World famine, Malaria, HIV, AIDS and many more, contributing to the biggest death tolls in the world DAILY. Issues, that in general, with funding, can be ‘cured’ or resolved. Alas, instead on focusing on the world’s biggest issues, we focus on ISIS, an Eastern group that captivates daily slots in newspapers and television shows. With the foreleader, ‘Jihadi John’ and his little entourage of mask-wearing, AK-wielding extremists. Perhaps it is rightly so that their movement is so strongly documented, with the brutal and ‘unjust’ murdering of many innocent civilians such as James Foley, David Haines and John Cantlie. This being said, due to the mass reporting on such incidents, is our focus being shifted elsewhere?
Let me iterate this before trailing further into the depths of this article. This is not some conspirator rant in order to convert peoples beliefs, nor is it to belittle or offend any of those closely affected by ISIS’ or 9/11 victims. It is simply a different outlook; a rose amongst thorns of theories.
Closely following the events of September 11th 2001, it is a FACT that social stigma towards Muslims raised significantly. They were victimised, segregated by many, shunted and generalised. All of a sudden, the media turned on all Muslims as a representative of the select few who decided the fate of 2977 innocent civilians. The typical Muslim ‘figure’ was attacked; the dark-skinned, turban wearing faith-follower being the forefront of all comments. The perpetrators of the attack, Al Qaeda, were known instantly as ‘Muslim Extremists’. Emphasis placed on the word ‘Muslim’. This was backed up through George Bush’ speech on the ‘war on terror’, dedicating a whole section on why Muslims are ‘so close to him and the nation’, yet directly blaming specific Muslims on the attack. As to be expected, the vast majority of Americans, and people globally, joined the stigmatic attacks on Muslims. They feared their safety around them, they hurled racist attacks, and the lives of Muslims world-wide changed. All because of that one day.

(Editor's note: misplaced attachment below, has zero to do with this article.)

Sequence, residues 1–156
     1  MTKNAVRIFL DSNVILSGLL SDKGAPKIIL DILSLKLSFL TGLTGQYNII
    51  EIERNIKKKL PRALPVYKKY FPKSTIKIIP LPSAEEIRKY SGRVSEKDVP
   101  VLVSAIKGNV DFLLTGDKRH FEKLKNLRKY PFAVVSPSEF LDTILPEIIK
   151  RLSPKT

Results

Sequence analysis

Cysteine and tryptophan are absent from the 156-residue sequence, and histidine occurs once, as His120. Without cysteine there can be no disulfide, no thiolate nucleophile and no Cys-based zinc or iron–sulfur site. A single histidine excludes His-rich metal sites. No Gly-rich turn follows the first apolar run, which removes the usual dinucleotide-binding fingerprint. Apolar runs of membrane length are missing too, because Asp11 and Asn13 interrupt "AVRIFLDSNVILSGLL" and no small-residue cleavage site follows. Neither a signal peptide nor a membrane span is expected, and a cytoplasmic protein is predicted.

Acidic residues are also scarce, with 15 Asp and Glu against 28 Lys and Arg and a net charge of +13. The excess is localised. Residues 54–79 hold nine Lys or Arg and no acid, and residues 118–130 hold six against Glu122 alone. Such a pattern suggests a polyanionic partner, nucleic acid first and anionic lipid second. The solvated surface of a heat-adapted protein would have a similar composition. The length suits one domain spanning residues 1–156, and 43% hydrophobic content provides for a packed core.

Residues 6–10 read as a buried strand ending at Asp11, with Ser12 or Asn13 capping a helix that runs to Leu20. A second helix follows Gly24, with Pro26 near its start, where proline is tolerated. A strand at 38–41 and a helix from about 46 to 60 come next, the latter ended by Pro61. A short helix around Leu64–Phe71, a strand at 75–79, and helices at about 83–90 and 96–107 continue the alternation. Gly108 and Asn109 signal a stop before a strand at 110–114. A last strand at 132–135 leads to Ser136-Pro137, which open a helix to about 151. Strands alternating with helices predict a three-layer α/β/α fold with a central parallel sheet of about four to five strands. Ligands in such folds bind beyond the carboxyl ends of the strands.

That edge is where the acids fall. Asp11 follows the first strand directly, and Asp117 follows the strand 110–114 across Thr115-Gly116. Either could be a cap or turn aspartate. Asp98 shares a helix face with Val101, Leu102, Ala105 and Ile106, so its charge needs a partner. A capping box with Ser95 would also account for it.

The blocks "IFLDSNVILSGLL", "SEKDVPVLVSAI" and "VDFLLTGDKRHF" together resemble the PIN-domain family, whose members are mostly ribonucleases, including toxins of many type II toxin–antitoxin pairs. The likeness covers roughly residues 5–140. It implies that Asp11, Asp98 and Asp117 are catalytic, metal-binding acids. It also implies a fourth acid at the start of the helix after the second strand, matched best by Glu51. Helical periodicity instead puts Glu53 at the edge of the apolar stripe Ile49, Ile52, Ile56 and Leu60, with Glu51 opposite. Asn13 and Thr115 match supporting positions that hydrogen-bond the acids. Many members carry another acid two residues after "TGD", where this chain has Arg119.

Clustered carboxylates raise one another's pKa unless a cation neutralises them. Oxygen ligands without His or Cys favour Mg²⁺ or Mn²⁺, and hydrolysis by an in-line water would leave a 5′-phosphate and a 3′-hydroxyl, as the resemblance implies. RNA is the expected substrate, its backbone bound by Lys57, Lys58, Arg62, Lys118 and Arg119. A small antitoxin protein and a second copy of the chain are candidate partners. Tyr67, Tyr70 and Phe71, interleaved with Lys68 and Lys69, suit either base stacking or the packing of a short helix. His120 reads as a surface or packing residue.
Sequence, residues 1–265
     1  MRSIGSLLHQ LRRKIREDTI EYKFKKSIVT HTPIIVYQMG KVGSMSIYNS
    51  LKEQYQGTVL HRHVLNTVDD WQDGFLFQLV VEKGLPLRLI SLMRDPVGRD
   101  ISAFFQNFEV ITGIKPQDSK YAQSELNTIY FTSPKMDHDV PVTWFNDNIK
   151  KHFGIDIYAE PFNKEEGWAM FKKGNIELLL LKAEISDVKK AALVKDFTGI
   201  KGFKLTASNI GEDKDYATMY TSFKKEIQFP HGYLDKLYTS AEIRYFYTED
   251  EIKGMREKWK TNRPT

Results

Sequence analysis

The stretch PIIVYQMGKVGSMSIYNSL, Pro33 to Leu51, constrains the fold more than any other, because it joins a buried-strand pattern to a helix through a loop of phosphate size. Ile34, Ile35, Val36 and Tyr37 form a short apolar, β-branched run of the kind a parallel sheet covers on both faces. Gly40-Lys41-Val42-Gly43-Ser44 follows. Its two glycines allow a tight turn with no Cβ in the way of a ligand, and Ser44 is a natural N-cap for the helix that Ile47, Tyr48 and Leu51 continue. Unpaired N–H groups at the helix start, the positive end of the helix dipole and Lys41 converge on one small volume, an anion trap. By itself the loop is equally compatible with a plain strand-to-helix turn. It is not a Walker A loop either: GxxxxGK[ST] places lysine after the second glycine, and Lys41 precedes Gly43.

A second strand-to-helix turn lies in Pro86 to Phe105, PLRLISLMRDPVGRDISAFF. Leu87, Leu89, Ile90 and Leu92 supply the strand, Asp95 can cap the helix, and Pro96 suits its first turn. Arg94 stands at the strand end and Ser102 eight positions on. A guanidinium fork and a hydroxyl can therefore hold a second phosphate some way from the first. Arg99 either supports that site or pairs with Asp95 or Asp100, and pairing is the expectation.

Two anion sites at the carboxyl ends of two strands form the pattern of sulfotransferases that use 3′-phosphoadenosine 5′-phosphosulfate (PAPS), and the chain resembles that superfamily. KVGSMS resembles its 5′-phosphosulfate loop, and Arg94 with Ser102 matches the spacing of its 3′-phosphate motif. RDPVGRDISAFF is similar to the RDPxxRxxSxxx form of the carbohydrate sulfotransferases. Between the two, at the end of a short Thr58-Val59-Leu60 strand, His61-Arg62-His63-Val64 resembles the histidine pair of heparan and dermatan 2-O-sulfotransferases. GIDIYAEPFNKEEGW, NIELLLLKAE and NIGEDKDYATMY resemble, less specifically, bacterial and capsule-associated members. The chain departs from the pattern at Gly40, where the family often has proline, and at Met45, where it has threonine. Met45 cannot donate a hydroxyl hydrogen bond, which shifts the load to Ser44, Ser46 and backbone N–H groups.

This day was, as of publishing, 4958 days ago, or 13 and a half years. In most respects, this extreme racism and seemingly ‘hatred’ towards the Muslim ideology began to dissipate. Although the implications of 9/11 remained; increased security, airline safety modifications, and emergency service changes, the focus on Muslims shifted. Instead, school shootings and international relations with North Korea took over. The Muslims had a ‘break’.